A Printer's Nightmare : Unhappily Ever AfterAugust 2012 By Erik Cagle, Senior editor
At an early age, we are conditioned to hearing stories that wrap up nicely in the end. The good guy prevails, the evil doer is foiled and our hero gets the girl. The stock ending line, "and they lived happily ever after," adds a pretty bow to the wrapping of life's little travails. Yes, our work is done, and everyone gets to go home happy.
But shortly after the time we tuck away Santa Claus, the Easter Bunny and the Tooth Fairy into our cherished memories, we are confronted with—and apologies to Al Gore—an inconvenient truth; in fact, many of them. Not only is life sometimes unfair, it can be cruel, harsh and unforgiving. The black and white absolutes of right and wrong that were introduced to us begin to blur. No one said anything about a gray area, but lo and behold, look how big it has become.
The life of ink on paper can be an inexact, imperfect science in a world that demands perfection. Printers expect, hope and plead that their equipment can help deliver that perfection, as promised and on time. Breakdowns are inevitable, however, and it is the timely response of service technicians, dealers and manufacturers that gets the ball rolling to sort out the problems and enable a printer to punch the green button once more.
But, when is a machine “fixed?” Is someone responsible for the machine's malfunction, either through misuse or neglect? Does it fall under warranty—expressed or implied? Are parts AND labor covered? And what if that press you agreed to buy off another printer's shop floor arrives with bits and pieces broken or missing? Just when does the warranty kick in, and should you be on the hook for damage that happens to a piece of equipment before it arrives?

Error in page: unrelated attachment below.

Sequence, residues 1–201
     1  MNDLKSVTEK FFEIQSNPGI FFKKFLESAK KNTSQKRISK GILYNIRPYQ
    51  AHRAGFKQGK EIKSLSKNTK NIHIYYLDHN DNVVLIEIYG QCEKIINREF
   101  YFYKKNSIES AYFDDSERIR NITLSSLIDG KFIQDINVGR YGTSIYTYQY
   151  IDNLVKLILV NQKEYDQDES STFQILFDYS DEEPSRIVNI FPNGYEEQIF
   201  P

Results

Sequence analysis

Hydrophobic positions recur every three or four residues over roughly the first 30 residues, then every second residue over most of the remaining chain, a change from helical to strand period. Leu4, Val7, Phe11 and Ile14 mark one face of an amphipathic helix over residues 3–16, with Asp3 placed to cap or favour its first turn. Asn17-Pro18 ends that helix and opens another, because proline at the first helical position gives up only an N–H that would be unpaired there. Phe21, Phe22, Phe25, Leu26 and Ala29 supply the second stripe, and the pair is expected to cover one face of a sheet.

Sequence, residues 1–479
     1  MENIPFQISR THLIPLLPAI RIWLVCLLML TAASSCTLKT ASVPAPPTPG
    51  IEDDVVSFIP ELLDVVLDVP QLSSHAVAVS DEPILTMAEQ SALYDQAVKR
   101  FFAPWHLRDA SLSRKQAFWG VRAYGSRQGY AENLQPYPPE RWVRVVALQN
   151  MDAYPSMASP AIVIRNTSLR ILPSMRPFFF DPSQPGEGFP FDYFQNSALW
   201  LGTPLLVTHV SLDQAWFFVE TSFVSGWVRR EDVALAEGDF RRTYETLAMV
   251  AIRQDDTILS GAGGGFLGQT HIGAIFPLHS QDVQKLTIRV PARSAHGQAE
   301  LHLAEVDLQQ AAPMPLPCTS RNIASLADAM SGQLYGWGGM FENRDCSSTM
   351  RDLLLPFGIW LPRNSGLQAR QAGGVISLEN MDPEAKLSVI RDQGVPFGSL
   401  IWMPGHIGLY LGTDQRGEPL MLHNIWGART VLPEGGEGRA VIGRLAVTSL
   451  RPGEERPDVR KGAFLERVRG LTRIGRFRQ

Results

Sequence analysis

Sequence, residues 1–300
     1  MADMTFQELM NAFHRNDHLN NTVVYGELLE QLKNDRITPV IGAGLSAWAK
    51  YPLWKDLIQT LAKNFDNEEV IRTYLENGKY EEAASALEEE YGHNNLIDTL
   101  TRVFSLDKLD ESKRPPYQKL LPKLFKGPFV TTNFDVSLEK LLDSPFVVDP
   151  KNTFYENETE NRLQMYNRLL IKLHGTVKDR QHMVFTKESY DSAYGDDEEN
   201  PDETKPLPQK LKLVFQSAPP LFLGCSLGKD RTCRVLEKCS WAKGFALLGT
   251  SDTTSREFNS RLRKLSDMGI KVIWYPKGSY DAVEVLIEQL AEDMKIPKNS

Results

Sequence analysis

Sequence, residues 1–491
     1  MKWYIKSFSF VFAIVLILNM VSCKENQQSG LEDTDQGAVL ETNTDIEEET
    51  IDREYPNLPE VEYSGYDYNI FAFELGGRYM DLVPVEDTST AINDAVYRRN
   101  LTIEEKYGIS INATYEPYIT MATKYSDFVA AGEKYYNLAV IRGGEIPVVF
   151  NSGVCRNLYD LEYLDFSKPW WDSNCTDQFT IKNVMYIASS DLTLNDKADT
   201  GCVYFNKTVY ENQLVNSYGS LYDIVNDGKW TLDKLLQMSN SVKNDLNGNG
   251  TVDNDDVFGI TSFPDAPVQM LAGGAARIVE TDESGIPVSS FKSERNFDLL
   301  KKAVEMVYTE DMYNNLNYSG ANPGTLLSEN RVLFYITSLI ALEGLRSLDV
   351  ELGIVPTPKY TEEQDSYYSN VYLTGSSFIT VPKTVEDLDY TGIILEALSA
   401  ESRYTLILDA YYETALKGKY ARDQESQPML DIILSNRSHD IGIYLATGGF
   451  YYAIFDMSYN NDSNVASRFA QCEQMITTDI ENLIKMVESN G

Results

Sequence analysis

Welcome to the gray area. What follows is the tale of a printer whose story is still ongoing, but it is far too late to enjoy a happy ending. The white knight has been replaced by a legal team and a stack of invoices and contracts. In the end, the printer received no satisfaction from its manufacturer, dealer and technicians. And the printer is still on the hook for tens of thousands of dollars while saddled with gear that is the printing version of the automotive lemon.
In the interest of fairness, we will not reveal the name of the manufacturer. Perhaps this story can serve as a cautionary tale.
Every month, Steve Olson, owner of North Chicago-based Steve Olson Printing and Design, writes a check for $700 to pay for a glorified paper weight—a near-worthless CTP system acquired two years ago. At press time, Olson still owes $21,000 and he cannot, in good conscience, sell it to another printer.
"When we first set it up, we were getting some pretty good images coming off our Ryobi 662H; it's stochastic as opposed to a conventional screen," Olson notes of the platesetting system, which the dealer said could handle a four-up format. "Then, we started running into little problems. Maybe the image would rub off, or we couldn't gum the plates. We still can't get the gumming right in order to re-use the plates."
Olson tried to work through the issue, but the system's inkjetting system began to experience "spit-ups." One of the four plates would be out of line or register, and the manufacturer's engineers—who flew in from overseas—could not determine the issue. The manufacturer cited the Ryobi press as being problematic, but Olson had owned the Ryobi since 2005 and never experienced a line-up issue using plates made by film from his imagesetter. As a test, Olson used plates made by another printer "that lined up beautifully."